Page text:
The less experienced employee benefits from hands-on experience in the new role. The more senior employee gets a leadership and coaching opportunity which can be leveraged as management experience later on. Everybody wins! But perhaps you’re wondering, what if I’m handing off a project to a more senior member of my team? Do you use the same approach?

Surgeon prepped for surgery, as is the support staff.

Think of it this way. Surgeons coach medical interns through a procedure based on the intern’s experience level and the type of surgery. Just like doctors change their approach on a case-per-case basis, you can adapt your delegation style depending on the report you’re working with and the task at hand.

Experience Level
Delegation Approach
What That Sounds Like
Conversational, partnering
  • What support do you need from me to be successful?”
Directive; offer a chance for the employee to suggest a solution before giving instructions
  • “What’s your plan for getting the project off the ground?”
  • “What do you foresee being a potential stumbling block to the project?”
  • “What’s your target timeline and outcome for the project?”
Instructional, supportive
  • “Here’s what needs to be done to get the project running.”
  • “I’d like for us to check in daily and weekly to make sure that we’re getting over any potential roadblocks.”
  • “I expect the project to take three weeks to execute.”
  • “Our ideal outcome looks like …”

Picking the right job for the right person is an equally important aspect of delegation. If the circus took a one-job-fits-all approach, you could end up watching a lion tamer trying to fly on a trapeze when the aerialist calls in sick. You can probably imagine how well that would end.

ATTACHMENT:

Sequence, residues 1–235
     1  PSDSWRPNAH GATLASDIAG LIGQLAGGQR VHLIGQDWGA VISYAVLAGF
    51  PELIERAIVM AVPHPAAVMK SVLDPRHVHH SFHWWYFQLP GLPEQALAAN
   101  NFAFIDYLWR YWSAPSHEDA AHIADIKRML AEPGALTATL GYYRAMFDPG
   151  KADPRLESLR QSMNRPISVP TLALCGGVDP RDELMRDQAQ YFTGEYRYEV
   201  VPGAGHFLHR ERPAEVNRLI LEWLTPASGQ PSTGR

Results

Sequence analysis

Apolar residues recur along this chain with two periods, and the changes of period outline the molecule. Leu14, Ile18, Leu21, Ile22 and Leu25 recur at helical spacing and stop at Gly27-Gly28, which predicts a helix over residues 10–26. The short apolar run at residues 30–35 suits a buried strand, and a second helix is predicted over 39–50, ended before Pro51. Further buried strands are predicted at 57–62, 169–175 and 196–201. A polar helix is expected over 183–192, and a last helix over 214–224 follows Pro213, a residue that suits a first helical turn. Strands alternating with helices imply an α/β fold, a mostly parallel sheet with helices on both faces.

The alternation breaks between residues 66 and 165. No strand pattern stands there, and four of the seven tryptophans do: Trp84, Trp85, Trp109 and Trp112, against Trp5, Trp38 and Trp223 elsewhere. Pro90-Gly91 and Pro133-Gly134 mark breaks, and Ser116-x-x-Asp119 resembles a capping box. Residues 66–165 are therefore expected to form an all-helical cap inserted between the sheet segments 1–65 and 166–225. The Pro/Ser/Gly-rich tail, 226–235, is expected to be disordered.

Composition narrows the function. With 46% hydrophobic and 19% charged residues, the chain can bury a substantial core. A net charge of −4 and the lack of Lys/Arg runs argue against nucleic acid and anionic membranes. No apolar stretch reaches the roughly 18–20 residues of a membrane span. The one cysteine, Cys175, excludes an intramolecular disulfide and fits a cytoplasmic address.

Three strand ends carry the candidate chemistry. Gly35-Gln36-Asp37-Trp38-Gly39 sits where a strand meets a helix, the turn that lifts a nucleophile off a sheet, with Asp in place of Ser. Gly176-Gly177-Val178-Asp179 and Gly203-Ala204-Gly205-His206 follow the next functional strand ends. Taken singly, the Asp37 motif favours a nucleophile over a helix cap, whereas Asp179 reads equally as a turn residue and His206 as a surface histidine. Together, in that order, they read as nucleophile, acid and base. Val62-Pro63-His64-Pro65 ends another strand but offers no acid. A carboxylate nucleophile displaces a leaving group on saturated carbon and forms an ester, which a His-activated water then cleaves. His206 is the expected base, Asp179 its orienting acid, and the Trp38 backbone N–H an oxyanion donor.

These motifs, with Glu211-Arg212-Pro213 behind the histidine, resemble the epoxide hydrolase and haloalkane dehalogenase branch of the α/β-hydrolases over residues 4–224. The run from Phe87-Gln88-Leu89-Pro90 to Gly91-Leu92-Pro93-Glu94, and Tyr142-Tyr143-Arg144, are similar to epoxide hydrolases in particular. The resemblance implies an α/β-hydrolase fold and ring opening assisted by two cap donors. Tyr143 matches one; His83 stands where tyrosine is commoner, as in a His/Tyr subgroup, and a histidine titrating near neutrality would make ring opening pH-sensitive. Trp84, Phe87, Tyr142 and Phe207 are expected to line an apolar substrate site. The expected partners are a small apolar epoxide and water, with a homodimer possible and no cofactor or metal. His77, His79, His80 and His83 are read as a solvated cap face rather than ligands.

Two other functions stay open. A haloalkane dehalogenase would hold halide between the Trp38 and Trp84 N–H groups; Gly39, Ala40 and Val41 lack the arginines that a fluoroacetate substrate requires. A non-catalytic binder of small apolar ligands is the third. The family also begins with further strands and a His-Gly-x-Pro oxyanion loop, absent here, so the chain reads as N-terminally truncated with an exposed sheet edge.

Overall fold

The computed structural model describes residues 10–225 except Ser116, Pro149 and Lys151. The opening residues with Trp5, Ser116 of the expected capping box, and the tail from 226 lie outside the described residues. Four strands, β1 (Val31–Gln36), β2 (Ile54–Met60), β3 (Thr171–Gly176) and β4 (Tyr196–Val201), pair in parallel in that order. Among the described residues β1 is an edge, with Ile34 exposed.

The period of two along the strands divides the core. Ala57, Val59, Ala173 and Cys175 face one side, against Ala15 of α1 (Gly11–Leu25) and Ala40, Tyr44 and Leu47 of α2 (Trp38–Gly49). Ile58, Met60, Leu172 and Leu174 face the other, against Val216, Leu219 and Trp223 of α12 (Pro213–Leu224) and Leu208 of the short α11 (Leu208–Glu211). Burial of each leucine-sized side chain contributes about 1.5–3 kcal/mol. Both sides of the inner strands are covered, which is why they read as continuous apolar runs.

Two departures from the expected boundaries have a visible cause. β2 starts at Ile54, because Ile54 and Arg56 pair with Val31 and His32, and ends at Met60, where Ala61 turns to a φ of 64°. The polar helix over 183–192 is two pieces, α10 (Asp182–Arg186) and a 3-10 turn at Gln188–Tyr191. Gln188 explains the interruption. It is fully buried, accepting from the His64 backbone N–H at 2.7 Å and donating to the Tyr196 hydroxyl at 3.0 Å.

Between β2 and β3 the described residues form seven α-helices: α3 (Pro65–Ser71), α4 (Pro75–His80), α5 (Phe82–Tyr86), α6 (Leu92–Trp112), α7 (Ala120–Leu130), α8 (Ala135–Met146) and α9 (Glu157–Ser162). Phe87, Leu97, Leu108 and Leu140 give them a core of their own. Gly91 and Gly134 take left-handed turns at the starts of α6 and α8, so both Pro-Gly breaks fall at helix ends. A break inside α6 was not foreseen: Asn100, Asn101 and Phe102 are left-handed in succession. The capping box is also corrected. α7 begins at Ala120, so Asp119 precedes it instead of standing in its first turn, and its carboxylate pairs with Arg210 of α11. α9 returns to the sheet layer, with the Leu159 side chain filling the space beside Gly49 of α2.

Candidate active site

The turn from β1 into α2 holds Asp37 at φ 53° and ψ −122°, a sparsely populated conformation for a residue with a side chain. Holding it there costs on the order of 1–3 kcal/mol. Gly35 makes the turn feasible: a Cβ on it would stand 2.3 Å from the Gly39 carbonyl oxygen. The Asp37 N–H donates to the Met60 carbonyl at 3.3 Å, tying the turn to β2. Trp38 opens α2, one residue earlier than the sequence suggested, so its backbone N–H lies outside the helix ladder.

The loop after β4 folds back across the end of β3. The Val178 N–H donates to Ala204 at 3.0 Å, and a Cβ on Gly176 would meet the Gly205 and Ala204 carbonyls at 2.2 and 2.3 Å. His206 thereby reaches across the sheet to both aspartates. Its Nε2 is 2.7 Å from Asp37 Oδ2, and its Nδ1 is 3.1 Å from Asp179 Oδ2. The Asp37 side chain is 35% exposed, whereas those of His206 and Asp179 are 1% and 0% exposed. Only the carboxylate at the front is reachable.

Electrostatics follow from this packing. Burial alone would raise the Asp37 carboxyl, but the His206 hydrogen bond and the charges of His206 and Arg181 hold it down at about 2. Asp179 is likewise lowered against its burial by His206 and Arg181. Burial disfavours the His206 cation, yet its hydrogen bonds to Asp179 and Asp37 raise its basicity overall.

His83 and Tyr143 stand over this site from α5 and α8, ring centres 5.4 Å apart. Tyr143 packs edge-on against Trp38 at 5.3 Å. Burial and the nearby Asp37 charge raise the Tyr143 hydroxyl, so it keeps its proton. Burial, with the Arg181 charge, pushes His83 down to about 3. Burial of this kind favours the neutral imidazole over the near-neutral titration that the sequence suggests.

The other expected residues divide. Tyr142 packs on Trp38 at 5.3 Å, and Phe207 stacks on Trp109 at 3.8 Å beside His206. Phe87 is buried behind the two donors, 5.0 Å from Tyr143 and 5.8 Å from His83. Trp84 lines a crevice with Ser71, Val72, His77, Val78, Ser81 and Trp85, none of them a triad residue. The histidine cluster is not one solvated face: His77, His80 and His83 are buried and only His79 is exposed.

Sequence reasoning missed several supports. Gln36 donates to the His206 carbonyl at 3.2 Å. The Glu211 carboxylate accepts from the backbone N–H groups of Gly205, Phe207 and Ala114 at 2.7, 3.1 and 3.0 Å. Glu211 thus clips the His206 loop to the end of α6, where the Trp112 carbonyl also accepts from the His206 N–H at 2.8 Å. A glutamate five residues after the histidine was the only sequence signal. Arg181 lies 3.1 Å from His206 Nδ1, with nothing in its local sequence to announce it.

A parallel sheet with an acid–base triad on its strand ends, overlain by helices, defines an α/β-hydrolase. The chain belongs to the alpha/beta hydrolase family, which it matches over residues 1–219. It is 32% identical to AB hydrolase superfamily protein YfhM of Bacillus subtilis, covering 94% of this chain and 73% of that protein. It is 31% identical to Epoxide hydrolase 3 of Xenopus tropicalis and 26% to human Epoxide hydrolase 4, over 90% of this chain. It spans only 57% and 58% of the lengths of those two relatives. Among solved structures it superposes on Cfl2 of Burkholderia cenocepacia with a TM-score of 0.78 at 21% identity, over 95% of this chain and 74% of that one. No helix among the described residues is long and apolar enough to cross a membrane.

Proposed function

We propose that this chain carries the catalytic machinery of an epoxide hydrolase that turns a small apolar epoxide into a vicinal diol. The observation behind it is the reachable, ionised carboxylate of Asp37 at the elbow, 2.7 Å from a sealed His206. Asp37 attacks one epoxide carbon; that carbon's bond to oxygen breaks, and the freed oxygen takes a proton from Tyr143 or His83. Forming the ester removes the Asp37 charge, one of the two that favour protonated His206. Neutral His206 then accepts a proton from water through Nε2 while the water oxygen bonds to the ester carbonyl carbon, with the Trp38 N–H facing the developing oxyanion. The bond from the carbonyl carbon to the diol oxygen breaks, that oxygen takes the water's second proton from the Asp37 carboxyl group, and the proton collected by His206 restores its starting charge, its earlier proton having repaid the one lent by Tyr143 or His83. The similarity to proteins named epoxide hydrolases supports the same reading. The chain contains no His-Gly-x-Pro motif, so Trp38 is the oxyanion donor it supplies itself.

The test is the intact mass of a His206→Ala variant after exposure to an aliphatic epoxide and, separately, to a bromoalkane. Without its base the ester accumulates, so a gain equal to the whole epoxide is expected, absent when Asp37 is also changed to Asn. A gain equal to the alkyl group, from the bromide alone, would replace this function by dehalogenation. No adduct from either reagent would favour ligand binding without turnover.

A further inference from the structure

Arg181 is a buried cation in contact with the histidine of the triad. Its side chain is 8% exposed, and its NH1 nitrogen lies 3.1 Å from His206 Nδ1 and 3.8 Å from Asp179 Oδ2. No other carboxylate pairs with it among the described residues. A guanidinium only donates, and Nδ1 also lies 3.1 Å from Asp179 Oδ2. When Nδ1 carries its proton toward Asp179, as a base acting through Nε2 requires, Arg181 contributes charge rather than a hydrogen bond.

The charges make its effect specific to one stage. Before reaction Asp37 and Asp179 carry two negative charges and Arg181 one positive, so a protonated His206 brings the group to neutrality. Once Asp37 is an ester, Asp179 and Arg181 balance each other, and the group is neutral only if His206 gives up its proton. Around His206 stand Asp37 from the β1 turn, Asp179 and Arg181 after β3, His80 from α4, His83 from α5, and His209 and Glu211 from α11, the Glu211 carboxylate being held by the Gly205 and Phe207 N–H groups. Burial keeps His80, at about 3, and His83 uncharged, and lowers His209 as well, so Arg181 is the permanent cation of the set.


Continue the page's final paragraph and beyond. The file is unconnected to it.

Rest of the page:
So how does delegation unfold in the business world? When you decide what and when tasks need to get done, you then delegate them based on your reports’ ability and willingness. For novice reports, hand off smaller scale tasks that they can manage from end-to-end to build confidence. These tasks also typically have a shorter execution timeline, so if they need help, you get a warning signal sooner rather than later. Let’s see how approach plays out for other experience levels. You can download Delegating to the Right People in the Accountability & Delegation pack.

Your mid-level reports are best suited for responsibilities that have both familiar and new components. Why? They can feel confident about getting started and excited by the prospect of tackling something new.

When delegating these tasks, make the new challenges solvable by applying existing knowledge. Your reports have the knowledge and tools to succeed, but remind them that you’re available for further guidance.

Person preparing evening meal as others do outdoor activities.

Last, but not least, feel comfortable giving your most experienced team members projects that you’d be working on if you weren’t their manager. Delegation is getting done right when everyone is in a role they are uniquely capable of doing. That means giving much of the highest level individual contributor work to your highest level colleagues.

Okay, deep breath in and exhale. Feeling better already? Now that your plate is a little less full, let’s dive into what to do when you’ve assigned those responsibilities.